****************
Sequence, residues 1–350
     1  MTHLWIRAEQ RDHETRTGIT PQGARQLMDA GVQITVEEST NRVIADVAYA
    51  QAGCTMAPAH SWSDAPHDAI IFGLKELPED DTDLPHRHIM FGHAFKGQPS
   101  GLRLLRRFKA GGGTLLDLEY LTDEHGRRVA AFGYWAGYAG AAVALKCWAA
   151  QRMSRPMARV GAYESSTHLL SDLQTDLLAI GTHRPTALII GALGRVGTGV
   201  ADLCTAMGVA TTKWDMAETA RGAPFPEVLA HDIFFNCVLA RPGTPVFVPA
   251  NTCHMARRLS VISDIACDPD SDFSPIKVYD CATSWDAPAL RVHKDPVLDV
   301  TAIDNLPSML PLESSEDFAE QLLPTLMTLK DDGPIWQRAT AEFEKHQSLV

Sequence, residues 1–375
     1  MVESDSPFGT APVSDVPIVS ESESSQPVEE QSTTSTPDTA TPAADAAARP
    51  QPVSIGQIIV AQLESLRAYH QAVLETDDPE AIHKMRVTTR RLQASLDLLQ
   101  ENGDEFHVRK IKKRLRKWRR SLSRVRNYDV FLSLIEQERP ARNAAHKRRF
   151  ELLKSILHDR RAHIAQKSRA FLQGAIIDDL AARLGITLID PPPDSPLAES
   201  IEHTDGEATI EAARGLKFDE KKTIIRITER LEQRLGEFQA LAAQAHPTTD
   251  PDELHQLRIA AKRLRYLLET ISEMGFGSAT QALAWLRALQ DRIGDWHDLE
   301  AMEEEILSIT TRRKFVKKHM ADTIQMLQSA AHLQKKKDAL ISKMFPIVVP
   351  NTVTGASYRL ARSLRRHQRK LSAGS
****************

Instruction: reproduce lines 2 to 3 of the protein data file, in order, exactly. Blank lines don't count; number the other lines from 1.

     1  MTHLWIRAEQ RDHETRTGIT PQGARQLMDA GVQITVEEST NRVIADVAYA
    51  QAGCTMAPAH SWSDAPHDAI IFGLKELPED DTDLPHRHIM FGHAFKGQPS